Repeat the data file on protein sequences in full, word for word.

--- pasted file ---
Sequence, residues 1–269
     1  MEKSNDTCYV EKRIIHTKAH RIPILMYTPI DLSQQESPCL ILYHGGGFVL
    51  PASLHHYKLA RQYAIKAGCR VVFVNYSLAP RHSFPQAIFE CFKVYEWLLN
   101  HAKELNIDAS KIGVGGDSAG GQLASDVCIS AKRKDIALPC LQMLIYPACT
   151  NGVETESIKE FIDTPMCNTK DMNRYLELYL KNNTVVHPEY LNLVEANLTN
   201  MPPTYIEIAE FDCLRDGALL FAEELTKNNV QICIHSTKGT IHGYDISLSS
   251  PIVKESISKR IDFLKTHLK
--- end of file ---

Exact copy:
Sequence, residues 1–269
     1  MEKSNDTCYV EKRIIHTKAH RIPILMYTPI DLSQQESPCL ILYHGGGFVL
    51  PASLHHYKLA RQYAIKAGCR VVFVNYSLAP RHSFPQAIFE CFKVYEWLLN
   101  HAKELNIDAS KIGVGGDSAG GQLASDVCIS AKRKDIALPC LQMLIYPACT
   151  NGVETESIKE FIDTPMCNTK DMNRYLELYL KNNTVVHPEY LNLVEANLTN
   201  MPPTYIEIAE FDCLRDGALL FAEELTKNNV QICIHSTKGT IHGYDISLSS
   251  PIVKESISKR IDFLKTHLK